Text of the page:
High interest rates traditionally put a dampener on returns from shares and property, so commentators are warning investors to prepare for lower returns from these investments and superannuation.
That makes it more important than ever to ensure you are getting the best return on your savings and not paying more than necessary on your loans. If you would like to discuss a budgeting and savings plan, give us a call.
The road ahead for shares
Trying to time investment markets is difficult if not impossible at the best of times, let alone now. The war in Ukraine, rising inflation and interest rates and an upcoming federal election have all added to market uncertainty and volatility.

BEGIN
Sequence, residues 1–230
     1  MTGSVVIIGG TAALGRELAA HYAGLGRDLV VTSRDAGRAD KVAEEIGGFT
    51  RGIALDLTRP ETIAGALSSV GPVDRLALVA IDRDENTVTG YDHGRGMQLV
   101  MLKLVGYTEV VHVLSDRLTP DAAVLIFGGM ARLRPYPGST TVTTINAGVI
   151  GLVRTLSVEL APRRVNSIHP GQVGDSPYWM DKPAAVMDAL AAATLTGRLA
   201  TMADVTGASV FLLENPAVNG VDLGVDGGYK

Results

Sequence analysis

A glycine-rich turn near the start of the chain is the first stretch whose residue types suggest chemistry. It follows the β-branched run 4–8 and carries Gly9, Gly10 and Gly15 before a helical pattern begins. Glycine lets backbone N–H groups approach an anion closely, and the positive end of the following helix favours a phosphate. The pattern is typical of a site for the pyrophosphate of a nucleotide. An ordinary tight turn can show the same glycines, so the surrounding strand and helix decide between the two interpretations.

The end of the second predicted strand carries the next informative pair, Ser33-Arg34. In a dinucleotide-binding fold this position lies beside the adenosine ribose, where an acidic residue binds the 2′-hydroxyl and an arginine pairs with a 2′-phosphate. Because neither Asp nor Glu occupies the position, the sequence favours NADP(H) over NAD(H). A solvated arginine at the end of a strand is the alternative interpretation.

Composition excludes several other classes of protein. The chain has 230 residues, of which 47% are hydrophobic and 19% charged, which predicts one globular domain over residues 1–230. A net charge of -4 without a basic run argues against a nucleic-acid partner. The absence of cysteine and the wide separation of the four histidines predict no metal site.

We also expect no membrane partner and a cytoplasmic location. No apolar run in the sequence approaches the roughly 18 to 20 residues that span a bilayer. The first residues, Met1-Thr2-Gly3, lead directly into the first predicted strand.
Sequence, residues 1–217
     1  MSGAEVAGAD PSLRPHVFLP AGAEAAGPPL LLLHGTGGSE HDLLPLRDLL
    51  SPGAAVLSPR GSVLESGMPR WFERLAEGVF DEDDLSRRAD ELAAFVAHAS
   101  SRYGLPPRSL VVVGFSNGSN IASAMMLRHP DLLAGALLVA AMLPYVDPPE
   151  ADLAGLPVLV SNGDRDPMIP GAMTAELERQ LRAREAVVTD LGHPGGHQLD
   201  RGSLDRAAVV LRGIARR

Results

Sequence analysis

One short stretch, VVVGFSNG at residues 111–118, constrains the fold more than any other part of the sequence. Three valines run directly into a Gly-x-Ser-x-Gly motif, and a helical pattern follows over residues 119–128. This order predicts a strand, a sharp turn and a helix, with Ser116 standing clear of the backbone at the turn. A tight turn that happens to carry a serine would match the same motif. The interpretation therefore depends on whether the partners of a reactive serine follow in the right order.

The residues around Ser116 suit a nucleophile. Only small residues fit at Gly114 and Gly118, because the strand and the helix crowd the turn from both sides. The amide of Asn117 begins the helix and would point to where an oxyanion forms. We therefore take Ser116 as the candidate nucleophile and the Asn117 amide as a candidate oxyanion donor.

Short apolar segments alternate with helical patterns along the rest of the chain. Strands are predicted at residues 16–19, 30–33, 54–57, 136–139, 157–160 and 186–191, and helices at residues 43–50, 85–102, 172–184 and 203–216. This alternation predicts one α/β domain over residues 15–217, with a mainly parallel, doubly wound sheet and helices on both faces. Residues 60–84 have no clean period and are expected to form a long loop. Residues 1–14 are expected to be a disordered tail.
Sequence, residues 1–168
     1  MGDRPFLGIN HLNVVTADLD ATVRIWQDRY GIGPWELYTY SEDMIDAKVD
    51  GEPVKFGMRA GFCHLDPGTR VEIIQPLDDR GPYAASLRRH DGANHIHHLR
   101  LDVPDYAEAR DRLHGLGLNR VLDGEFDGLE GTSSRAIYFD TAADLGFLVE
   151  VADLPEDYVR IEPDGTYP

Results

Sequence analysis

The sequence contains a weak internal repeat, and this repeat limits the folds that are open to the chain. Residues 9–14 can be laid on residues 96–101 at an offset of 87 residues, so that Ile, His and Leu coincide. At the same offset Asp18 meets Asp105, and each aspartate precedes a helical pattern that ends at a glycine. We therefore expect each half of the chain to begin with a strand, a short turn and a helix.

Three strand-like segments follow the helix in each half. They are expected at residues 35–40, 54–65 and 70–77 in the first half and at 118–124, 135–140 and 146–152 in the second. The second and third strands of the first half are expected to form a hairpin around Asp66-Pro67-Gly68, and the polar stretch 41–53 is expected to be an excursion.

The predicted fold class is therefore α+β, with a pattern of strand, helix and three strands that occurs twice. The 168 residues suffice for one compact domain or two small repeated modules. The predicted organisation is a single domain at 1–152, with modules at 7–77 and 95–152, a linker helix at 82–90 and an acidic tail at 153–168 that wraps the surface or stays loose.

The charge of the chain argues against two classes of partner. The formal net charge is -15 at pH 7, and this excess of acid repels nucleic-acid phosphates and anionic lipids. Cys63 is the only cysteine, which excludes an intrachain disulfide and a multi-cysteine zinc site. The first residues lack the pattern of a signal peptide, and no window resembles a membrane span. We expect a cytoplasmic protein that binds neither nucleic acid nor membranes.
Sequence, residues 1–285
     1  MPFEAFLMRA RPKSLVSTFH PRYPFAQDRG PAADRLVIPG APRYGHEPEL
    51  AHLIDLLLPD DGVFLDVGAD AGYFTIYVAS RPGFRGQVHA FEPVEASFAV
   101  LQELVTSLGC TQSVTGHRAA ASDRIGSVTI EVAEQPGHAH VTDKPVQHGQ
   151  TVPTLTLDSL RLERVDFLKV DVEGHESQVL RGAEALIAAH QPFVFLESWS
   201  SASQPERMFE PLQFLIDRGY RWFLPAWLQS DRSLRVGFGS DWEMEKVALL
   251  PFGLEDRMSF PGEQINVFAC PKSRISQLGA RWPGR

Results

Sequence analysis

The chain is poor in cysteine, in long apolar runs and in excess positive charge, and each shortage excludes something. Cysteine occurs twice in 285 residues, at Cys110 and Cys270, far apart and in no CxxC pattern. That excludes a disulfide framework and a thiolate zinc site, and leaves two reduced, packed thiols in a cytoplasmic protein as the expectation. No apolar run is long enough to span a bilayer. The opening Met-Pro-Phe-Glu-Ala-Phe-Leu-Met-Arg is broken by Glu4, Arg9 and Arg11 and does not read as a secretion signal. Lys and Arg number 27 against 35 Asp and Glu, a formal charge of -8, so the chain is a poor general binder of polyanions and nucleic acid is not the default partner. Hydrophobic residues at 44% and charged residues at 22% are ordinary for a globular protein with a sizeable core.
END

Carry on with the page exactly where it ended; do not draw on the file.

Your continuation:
At times like these investors may be tempted to retreat to the ‘’safety” of cash, but that can be costly. Not only is it difficult to time your exit, but you are also likely to miss out on any upswing that follows a dip.
Take Australian shares. Despite COVID and the recent wall of worries on global markets, Aussie shares soared 64 per cent in the two years from the pandemic low in March 2020 to the end of March 2022.i Who would have thought?
So what lies ahead for shares? The recent Federal Budget contained some clues.
The economic outlook
The Budget doesn’t only outline the government’s spending priorities, it provides a snapshot of where Treasury thinks the Australian economy is headed. While forecasts can be wide of the mark, they do influence market behaviour.
Australia’s economic growth is expected to peak at 4.25 per cent this financial year, underpinned by strong company profits, employment growth and surging commodity prices. Our economy is growing at a faster rate than the global average of 3.75 per cent, and ahead of the US and Europe, which helps explain why Australian shares have performed so strongly.ii